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What can I expect in a field sobriety test?

On Behalf of | Dec 15, 2014 | Field Sobriety Tests |

There is no mistaking the harsh, flashing glare of Denver police car lights. The piercing lights immediately alert you and everyone in the vicinity that a police officer wants you to pull your vehicle over. If the officer is stopping you on suspicion of drunken driving, it’s quite possible that he or she will ask you to perform a field sobriety test. (Refusal to take the test means a one-year Colorado driver’s license suspension.)

So what can a driver expect to be asked to do in a sobriety test by a police officer? Let’s take a look.

The National Highway Traffic and Safety Administration endorses a Standardized Field Sobriety Test that consists of three parts: a horizontal gaze exam, a look at the way you walk and turn and also a test to see how well you stand on one leg.

  • Horizontal Gaze Nystagmus: few of us run into the word “nystagmus” very often, so let’s define it: it refers to irregular eye movement. The irregular movements (sometimes referred to as a “bouncing” type of movement) can be caused by medical conditions, as well as by alcohol impairment.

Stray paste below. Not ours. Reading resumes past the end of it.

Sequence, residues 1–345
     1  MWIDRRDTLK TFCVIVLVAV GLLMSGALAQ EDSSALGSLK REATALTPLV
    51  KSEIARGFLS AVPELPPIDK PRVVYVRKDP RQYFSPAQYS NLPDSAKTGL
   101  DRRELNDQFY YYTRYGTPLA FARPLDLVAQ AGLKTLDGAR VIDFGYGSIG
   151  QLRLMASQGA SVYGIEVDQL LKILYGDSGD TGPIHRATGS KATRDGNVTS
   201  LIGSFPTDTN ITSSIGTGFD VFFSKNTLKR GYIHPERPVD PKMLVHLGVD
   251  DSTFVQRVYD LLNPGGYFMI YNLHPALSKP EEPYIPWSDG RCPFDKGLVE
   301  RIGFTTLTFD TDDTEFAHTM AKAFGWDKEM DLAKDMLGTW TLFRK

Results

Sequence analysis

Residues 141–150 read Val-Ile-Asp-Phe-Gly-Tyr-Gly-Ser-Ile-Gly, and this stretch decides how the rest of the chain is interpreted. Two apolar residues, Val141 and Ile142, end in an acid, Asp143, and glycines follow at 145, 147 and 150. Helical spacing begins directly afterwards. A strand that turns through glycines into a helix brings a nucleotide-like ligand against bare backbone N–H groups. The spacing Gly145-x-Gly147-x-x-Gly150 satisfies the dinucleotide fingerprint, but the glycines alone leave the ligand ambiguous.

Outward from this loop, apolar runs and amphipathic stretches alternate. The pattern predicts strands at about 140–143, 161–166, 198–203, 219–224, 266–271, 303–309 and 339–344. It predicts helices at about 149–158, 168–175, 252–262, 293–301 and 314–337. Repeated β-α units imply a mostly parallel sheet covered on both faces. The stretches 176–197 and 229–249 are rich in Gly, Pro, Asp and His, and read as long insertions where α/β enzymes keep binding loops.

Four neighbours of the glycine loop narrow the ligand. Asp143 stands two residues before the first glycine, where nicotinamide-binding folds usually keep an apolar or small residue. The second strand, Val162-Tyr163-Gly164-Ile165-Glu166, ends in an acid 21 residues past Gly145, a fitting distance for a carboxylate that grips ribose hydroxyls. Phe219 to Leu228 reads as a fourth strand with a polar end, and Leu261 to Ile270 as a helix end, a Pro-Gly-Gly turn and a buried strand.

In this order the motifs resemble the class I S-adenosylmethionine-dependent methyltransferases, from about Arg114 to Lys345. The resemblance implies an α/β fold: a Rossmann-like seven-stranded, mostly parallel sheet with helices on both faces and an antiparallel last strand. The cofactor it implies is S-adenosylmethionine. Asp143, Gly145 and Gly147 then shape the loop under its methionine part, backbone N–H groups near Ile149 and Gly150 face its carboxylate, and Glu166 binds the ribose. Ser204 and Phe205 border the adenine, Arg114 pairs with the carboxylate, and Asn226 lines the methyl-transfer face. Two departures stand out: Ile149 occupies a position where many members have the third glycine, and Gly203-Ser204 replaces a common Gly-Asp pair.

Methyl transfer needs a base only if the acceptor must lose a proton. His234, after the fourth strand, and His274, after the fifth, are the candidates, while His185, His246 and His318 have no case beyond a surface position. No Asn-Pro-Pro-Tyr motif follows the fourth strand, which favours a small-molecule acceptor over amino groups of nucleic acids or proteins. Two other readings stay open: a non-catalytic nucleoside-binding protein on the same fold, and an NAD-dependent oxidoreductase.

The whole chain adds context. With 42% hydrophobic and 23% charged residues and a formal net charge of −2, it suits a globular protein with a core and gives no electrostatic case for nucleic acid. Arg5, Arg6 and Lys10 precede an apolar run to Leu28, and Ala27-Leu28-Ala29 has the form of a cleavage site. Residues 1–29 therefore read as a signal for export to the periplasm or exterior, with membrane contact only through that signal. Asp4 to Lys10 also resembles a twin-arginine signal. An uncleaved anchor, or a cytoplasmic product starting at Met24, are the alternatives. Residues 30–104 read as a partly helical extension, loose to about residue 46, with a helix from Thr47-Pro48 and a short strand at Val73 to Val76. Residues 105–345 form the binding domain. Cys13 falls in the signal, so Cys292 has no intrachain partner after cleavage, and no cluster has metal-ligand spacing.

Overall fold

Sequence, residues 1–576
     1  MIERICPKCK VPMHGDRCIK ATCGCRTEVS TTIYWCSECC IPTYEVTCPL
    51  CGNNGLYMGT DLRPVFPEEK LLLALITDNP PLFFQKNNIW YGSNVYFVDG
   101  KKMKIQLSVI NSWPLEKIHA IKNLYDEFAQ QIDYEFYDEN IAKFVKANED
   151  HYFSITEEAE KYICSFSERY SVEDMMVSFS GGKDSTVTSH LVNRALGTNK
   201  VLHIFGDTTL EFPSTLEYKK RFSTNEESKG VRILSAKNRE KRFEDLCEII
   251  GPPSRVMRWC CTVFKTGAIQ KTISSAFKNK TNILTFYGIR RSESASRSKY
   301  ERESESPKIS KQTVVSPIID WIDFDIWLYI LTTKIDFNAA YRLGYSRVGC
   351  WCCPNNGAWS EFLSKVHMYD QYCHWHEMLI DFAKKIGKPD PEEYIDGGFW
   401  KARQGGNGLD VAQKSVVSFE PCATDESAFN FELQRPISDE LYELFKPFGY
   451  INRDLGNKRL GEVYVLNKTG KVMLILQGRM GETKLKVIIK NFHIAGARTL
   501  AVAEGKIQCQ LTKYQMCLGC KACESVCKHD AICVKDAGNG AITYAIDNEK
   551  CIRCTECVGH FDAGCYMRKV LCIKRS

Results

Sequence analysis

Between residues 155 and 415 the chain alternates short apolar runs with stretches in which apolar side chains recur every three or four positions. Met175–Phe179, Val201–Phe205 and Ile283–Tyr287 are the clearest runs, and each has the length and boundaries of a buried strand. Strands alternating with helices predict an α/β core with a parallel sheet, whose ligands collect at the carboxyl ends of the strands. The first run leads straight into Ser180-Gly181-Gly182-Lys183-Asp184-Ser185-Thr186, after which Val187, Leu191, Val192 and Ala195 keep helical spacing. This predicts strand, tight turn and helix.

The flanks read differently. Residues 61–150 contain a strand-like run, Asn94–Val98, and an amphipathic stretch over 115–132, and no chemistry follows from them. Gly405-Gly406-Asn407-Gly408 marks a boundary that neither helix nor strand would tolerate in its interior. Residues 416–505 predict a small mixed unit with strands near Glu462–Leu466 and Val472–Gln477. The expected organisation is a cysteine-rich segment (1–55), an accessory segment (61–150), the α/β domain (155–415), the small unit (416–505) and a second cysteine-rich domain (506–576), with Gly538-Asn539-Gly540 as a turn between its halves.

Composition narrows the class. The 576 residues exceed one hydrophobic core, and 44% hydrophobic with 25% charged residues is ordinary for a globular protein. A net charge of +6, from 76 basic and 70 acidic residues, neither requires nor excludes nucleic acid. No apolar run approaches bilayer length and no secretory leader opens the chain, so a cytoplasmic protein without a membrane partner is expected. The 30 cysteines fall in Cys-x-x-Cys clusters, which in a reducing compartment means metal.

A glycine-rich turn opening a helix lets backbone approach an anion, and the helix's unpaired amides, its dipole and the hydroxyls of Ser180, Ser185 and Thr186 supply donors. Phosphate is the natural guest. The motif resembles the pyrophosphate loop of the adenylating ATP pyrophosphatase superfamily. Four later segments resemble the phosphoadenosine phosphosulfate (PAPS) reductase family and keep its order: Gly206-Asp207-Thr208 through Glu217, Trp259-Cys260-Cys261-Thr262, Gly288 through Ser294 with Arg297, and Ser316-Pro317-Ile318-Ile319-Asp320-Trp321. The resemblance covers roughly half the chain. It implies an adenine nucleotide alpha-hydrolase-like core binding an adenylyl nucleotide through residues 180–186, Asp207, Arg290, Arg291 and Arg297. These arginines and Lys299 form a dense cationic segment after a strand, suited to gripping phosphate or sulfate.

The test often involves the officer shining a flashlight at your face so that he or she can watch the movement of your eyes as you follow a pen or finger with your eyes. If the eyes jerk or bounce in their movement, rather than moving smoothly, this can help to establish probable cause.

We will have more on the field sobriety test in our next blog post. For those facing DUI charges, an experienced Denver attorney can help you sort through your legal options and challenges.